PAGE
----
In the beginning I told people when they asked what I do that I’m basically an interior decorator that created her own TV show, just not on a network. For instance, a designer [on TV] is filming an entire house renovation, and that’s exactly what I did at our old cottage: I spent two and a half years renovating and demoing and designing and building and all of the above on my channel, and I created a renovation series and turned it into a TV show on YouTube. People tuned in every week to see what new things were happening. It’s on YouTube as opposed to a network, but you’re controlling the narrative and you have so much freedom with what you post.
How are you thinking about video content on other platforms?
For me and my friends in the space with similar audiences and storytelling [styles], it is really hard to transition into this more short-form type of mentality and content. It’s been my biggest struggle, especially because I know that’s where the world is heading and that short form has become so much more important. Even though I know people can be so successful with it, I have my own success, and I truly believe in staying where you feel like you fit.
With consistency, we see success, time and time again. It’s like the number-one thing that [social media experts] tell you: Be consistent if you’re going to show up somewhere. I felt like the only place that I could really show up consistently was on YouTube, because I enjoyed it so much, and my community could depend on it because I was always there and was always going to bend over backwards to show up.
Do you try to keep up with algorithm changes?
As I grew on YouTube, it became less of a priority for me, because I didn’t depend so much on the algorithm. I had built a community that would seek me out no matter what the algorithm was delivering to them. Once you do that and you have these people who are actually paying attention—who subscribe and turn on their notifications and … know that you show up every Tuesday, Thursday and Sunday—they’re going to come no matter what’s on their homepage. The longer you’re on a platform, the less dependent you become on what the algorithm could do.
Do you have any advice for designers looking to boost their followings?
I think some designers come across as “I want to teach and give advice,” but there’s not a conversational exchange. That’s where engagement really comes from. Maybe they’re sharing “Top 10 things I’m doing in clients’ houses this year,” but instead of just leaving it on the table where you’re the authority and the expert of it, [think about] saying, “What do you think about this? Do you like these? Is this something you would do in your house?” Asking questions and giving people a reason to engage with your video is huge. There are a lot of designers—and I’ve fallen victim to this too—that think, “Well, I don’t want [my audience’s] opinion on it. These are my opinions.” That’s not going to give you any engagement.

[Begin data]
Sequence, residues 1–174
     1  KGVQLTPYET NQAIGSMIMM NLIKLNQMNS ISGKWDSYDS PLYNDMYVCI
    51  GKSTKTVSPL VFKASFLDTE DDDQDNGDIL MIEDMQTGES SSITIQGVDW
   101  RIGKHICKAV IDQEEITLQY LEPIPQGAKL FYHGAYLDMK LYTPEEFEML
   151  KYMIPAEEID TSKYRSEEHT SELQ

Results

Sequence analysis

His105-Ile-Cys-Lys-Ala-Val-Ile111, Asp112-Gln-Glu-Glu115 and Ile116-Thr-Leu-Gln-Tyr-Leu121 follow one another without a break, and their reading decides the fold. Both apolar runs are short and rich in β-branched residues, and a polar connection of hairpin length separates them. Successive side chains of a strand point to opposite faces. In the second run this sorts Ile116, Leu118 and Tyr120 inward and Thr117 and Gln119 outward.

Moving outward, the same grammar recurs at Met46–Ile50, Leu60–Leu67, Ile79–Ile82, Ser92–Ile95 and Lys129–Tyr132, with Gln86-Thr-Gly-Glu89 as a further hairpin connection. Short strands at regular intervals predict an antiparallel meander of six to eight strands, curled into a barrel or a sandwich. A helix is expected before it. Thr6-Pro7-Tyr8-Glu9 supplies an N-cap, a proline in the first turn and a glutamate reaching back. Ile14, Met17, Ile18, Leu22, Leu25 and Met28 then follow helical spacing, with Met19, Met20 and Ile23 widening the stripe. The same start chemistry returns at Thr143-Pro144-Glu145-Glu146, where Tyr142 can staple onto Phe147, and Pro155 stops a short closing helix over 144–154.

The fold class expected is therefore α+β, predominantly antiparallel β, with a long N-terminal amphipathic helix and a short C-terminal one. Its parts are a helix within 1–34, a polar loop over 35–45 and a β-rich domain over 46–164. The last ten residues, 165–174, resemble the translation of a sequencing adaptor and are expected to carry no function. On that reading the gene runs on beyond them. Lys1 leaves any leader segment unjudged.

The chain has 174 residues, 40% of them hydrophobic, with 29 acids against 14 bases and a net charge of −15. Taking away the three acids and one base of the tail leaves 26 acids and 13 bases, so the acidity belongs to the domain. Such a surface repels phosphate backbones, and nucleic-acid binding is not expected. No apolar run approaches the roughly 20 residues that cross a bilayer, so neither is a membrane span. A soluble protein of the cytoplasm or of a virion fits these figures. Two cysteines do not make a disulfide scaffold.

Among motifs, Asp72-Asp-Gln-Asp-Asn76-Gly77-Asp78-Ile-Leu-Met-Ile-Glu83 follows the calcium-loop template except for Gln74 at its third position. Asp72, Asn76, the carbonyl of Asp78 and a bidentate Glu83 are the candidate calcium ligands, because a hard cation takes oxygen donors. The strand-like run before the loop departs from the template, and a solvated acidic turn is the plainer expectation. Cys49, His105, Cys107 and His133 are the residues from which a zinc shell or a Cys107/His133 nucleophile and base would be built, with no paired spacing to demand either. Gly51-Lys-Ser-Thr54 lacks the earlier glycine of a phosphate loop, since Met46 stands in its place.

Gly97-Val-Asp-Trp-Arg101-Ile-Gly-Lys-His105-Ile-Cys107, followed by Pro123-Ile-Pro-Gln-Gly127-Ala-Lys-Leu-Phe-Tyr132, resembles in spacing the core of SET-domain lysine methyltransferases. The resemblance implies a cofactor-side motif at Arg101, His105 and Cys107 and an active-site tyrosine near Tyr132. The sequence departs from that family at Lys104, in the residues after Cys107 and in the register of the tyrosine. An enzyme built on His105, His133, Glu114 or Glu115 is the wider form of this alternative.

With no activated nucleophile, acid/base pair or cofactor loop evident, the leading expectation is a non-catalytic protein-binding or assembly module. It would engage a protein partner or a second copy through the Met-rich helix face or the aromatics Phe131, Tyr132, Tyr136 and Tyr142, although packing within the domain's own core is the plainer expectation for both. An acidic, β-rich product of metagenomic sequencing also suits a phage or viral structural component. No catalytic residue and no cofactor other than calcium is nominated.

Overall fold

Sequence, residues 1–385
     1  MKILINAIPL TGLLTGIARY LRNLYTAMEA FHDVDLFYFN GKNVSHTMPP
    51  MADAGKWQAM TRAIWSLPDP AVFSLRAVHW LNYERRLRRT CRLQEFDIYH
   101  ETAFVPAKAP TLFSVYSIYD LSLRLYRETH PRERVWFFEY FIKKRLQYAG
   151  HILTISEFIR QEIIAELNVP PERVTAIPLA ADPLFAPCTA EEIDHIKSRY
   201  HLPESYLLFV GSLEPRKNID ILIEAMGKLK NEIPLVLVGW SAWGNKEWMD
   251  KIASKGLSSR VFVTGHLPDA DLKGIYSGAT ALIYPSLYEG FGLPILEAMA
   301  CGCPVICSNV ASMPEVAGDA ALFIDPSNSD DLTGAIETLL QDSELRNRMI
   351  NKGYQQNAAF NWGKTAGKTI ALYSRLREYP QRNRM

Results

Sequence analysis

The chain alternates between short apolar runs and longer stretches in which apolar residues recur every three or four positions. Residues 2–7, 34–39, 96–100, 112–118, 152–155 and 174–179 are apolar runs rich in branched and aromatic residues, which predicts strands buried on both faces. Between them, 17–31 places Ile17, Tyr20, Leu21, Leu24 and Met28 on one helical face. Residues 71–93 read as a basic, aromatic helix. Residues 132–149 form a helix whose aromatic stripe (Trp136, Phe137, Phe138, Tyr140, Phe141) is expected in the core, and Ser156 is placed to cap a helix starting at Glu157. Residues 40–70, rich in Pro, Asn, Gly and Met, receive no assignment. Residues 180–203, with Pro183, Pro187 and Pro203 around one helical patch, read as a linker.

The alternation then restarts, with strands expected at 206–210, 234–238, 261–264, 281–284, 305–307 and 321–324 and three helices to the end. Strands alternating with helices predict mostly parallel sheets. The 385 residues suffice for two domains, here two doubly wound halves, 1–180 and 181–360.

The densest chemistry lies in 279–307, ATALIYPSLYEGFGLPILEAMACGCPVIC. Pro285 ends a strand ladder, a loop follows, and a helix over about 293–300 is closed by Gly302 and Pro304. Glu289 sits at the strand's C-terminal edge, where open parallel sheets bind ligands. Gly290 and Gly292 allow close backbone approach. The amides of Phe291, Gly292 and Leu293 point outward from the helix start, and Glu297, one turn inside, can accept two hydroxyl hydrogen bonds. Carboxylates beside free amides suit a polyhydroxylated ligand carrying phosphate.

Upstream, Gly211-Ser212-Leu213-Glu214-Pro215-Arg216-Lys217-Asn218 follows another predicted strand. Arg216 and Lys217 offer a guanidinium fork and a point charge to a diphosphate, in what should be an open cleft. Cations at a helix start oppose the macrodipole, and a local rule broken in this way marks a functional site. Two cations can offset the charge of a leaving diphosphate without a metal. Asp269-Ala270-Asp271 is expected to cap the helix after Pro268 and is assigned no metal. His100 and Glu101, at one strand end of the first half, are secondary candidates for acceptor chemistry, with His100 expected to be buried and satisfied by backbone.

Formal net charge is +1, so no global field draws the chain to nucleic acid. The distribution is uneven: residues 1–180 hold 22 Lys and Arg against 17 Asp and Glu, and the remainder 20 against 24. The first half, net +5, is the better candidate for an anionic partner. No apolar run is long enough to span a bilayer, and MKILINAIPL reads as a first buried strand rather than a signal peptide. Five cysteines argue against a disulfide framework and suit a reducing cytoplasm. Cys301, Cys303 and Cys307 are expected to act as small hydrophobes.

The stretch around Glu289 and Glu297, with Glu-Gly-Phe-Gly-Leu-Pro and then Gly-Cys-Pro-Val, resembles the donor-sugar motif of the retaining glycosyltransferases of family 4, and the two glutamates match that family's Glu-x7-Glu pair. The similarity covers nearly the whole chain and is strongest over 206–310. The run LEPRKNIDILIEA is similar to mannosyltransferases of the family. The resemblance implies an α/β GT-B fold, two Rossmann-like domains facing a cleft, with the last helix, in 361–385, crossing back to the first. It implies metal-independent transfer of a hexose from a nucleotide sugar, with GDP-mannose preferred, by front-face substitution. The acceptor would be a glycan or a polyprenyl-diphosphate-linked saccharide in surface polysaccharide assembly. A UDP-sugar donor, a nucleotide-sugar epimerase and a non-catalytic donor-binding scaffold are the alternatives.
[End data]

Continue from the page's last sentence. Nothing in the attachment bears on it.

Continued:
Make sure that you’re aware of the conversation that you’re trying to have on social media. It could be just at the end of every video and unrelated to the content that you just shared: “What do you want to see next?” That can not only give you more engagement, but also give you more ideas.
What’s something you’re working on right now on social media from a business perspective?
The difference between long form and short form is definitely a struggle for me. From a production standpoint, it’s unbelievably hard when you’re one person with a tripod in a room, working on a design project and now know you not only have one big video to edit, you should also make 20 short-form content pieces from the same thing. It’s too much. It’s like, how much can you do and keep your sanity? I feel pressure as a content creator to be all things on all platforms to all people—and if not, I’m missing an opportunity. I’ve come to realize in the last couple of months that you can’t be all things to all people.
I feel like we can get trapped in [these ideas of]: “To be successful on TikTok you have to post three times a day,” and follow the advice of other people on how to be successful, or otherwise don’t do it at all. I decided in 2024 I was not bringing that with me. It was more about, “How can I show up if I want to take advantage of these newer kinds of platforms? How can I keep my sanity in content creation?” For me on TikTok, I can show up twice a week. What’s going to grow from that, I’m not sure, but it’s more about having one platform and one thing you do really well that you can depend on. Authenticity and being consistent and showing up for people trump everything else.